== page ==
In combination the Tcl and Tk packages (we will call the combination simply Tcl/Tk) are useful for creating graphical user interfaces (GUIs) to applications. The GUI is described in terms of instances of Tk widgets, created through calls in Tcl, and Tcl scripts that form the glue that binds together the GUI and the application. (If you are a little lost at this point, all will be clear in a moment with a simple example.)
There are lots of systems out there for adding GUIs to applications so why choose Tcl/Tk? Tcl/Tk has several advantages that make it attractive for this kind of work. Firstly, it is good for rapid prototyping of GUIs. Tcl is an interpreted scripting language. The scripts can be modified and executed quickly, with no compilation phase, so speeding up the development loop.
Secondly, it is easier to use a system based on a scripting language, such as Tcl/Tk, than many of the conventional packages available. For example, getting to grips with the X windows suite of C libraries is not an easy task. Tcl/Tk can produce the same thing using simple scripting with much less to learn. The penalty for this is that programs written in an interpreted scripting language will execute more slowly than those written using compiled C library calls, but for many interfaces that don’t need great speed Tcl/Tk is fast enough and its ease of use more than outweighs the loss of speed. In any case, Tcl/Tk can easily handle hundreds of events per mouse movement without the user noticing.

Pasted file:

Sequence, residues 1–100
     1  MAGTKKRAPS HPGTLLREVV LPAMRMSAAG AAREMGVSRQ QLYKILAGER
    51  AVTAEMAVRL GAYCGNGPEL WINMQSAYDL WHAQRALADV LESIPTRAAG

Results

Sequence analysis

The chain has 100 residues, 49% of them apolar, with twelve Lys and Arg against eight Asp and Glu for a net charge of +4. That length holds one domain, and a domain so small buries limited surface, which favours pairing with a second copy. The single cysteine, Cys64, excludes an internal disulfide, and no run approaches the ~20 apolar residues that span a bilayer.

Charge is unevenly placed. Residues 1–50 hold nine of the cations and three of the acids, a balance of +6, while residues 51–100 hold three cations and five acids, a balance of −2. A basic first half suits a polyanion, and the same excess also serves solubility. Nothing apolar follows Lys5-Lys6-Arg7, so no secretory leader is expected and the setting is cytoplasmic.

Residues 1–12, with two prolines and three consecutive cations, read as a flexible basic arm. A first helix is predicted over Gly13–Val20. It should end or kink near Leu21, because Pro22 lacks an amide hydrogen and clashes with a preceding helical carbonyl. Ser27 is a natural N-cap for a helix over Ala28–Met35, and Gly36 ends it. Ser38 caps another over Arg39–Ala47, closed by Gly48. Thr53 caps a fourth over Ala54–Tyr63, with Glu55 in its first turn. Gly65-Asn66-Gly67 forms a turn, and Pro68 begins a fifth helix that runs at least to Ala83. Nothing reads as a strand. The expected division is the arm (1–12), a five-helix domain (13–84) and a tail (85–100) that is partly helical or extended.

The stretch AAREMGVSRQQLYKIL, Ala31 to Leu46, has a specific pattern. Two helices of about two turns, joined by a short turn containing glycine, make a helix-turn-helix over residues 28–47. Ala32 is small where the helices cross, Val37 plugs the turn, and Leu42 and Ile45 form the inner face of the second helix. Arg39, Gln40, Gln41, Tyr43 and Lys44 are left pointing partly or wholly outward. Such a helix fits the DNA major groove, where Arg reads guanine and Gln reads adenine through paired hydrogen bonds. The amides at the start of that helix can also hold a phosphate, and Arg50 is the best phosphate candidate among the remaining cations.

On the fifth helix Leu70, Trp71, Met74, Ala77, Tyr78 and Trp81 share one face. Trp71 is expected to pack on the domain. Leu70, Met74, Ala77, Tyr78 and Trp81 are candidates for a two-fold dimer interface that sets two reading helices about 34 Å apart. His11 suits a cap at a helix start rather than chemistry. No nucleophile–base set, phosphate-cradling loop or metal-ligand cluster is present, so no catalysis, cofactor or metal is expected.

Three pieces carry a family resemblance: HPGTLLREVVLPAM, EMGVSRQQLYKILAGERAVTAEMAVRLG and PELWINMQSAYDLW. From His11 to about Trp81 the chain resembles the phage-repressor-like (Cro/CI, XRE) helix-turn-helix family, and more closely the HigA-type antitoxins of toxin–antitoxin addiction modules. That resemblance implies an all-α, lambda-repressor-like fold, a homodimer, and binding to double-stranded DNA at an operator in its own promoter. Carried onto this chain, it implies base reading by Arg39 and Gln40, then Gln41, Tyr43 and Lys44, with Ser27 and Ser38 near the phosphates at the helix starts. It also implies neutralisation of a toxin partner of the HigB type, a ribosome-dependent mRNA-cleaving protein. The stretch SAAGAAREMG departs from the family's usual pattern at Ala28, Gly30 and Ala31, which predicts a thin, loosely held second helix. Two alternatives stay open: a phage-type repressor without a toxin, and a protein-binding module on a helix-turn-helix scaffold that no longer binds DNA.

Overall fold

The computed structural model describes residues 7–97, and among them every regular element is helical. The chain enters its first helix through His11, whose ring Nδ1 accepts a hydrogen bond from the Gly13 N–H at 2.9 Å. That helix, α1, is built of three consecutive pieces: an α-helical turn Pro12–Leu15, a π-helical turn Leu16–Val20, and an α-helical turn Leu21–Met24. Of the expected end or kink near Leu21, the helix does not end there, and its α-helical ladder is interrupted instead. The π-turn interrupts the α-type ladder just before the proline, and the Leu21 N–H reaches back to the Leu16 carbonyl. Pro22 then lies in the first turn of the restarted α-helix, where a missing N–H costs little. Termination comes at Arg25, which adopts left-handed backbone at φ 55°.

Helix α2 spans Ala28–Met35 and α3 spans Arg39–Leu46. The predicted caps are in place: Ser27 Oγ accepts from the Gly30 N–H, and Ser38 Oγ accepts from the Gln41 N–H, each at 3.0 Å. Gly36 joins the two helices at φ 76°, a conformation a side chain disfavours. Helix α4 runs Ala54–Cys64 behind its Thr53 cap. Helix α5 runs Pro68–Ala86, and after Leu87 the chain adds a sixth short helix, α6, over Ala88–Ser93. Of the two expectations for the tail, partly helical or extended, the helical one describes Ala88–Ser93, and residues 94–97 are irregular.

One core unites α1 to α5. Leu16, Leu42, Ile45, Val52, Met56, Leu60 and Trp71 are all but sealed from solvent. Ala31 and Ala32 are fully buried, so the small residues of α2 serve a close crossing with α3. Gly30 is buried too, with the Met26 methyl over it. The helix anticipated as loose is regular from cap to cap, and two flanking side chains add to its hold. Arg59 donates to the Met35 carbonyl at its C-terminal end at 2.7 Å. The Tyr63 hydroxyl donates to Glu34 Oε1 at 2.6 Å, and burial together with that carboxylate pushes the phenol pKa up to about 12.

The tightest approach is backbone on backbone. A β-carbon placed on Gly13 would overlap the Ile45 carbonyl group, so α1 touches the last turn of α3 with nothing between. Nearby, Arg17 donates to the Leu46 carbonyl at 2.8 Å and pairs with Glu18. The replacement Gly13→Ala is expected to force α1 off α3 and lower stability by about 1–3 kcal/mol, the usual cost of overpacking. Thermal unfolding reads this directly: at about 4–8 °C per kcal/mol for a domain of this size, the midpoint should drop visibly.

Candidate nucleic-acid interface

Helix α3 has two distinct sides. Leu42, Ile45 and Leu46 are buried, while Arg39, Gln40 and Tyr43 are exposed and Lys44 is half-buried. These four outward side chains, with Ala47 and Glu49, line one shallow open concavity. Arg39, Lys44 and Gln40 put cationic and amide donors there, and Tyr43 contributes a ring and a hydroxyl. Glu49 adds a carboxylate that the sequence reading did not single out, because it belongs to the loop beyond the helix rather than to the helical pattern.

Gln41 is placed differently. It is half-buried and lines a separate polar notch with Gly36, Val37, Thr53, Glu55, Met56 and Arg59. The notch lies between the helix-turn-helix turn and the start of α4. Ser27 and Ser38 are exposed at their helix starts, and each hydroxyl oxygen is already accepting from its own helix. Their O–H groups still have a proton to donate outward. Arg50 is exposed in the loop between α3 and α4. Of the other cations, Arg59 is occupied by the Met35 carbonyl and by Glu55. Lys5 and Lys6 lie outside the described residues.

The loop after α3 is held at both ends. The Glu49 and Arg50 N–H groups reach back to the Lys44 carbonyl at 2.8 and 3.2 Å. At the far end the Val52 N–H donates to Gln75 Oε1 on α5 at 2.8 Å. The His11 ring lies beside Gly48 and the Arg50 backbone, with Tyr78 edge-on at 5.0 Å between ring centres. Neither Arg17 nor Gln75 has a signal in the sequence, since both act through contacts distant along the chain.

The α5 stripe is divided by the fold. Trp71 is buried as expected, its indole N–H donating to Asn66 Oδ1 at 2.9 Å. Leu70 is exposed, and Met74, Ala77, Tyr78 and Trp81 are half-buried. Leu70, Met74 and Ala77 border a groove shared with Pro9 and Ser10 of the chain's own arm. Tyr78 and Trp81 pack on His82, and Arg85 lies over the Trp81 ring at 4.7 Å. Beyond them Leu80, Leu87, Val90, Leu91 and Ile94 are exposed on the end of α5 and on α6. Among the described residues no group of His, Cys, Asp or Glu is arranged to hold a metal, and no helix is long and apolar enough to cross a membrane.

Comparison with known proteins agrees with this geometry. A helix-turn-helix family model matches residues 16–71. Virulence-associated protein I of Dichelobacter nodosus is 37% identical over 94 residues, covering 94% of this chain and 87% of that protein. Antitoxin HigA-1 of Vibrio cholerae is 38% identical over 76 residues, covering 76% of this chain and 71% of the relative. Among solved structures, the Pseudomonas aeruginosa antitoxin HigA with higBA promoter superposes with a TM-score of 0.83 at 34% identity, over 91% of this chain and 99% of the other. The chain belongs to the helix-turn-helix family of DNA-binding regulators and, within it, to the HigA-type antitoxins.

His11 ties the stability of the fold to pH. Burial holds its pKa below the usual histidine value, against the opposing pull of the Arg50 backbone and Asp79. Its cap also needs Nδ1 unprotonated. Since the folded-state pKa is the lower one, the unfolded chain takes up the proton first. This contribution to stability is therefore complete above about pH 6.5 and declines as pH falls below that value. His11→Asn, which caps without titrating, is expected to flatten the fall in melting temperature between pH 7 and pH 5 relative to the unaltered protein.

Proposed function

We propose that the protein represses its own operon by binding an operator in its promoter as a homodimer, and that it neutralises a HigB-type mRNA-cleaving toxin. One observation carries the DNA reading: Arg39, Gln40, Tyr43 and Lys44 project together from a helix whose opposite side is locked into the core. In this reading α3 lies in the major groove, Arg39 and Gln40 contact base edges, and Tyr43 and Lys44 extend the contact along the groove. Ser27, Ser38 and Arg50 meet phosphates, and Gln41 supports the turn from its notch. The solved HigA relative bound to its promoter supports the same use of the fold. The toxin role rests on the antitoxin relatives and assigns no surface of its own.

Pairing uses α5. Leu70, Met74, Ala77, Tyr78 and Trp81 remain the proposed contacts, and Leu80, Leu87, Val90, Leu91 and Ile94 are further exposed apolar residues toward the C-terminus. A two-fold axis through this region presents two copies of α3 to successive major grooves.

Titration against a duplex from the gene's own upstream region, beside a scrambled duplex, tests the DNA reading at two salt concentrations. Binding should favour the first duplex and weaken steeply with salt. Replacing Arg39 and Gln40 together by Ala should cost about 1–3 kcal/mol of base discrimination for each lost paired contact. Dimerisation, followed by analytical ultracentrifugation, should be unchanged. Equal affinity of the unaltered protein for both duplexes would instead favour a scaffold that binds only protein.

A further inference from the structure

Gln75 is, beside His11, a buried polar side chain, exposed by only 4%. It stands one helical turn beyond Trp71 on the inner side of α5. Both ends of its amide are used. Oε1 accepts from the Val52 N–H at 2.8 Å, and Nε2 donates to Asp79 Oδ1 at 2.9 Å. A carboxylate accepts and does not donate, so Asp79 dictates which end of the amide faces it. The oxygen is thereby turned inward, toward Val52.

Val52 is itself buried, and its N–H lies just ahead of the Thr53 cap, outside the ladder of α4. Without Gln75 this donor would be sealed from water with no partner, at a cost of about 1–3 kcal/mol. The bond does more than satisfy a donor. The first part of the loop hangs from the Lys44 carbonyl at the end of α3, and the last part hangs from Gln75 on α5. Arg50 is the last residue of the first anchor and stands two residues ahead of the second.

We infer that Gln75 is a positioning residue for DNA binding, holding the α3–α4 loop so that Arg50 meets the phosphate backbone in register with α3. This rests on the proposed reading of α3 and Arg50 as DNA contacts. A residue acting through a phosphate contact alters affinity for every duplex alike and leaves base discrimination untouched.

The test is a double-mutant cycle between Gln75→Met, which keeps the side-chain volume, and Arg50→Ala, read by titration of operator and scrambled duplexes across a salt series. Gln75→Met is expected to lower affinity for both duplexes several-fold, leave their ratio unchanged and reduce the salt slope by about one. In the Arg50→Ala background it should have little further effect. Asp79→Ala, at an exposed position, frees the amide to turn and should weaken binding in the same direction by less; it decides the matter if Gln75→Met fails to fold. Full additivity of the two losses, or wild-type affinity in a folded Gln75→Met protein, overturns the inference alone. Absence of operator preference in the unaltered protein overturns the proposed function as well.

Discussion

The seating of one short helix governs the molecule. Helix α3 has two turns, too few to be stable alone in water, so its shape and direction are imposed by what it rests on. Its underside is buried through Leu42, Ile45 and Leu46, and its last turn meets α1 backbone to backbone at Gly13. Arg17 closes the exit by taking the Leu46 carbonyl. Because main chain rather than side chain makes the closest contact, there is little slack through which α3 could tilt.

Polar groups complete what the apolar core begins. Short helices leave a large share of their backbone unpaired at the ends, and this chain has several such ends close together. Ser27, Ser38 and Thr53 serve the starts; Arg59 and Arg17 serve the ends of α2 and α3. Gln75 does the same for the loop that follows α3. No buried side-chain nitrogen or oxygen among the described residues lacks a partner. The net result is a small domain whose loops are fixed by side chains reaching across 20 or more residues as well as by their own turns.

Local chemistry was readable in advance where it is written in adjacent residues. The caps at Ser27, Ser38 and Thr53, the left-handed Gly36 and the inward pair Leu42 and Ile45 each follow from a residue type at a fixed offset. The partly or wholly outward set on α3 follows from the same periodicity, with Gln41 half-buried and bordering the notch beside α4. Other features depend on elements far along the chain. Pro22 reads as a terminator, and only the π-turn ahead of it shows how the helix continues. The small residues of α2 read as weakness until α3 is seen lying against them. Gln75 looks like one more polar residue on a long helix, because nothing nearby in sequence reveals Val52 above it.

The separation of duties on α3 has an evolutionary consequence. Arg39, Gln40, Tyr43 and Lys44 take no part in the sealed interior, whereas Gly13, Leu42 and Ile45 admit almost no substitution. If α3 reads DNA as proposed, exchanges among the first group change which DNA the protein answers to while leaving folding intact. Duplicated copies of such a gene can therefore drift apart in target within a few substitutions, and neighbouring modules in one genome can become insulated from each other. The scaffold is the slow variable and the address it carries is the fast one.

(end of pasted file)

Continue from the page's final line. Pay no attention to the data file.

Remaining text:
Thirdly, Tcl/Tk is good for making cross-platform GUIs. The Tk toolkit has been ported to native look-and-feel widgets on Mac, PC (Windows), and UNIX (X windows) platforms. You can write your scripts once and they will execute on any of these platforms.
Lastly, the software is distributed under a free software license and so is available in both binary and source formats free of charge.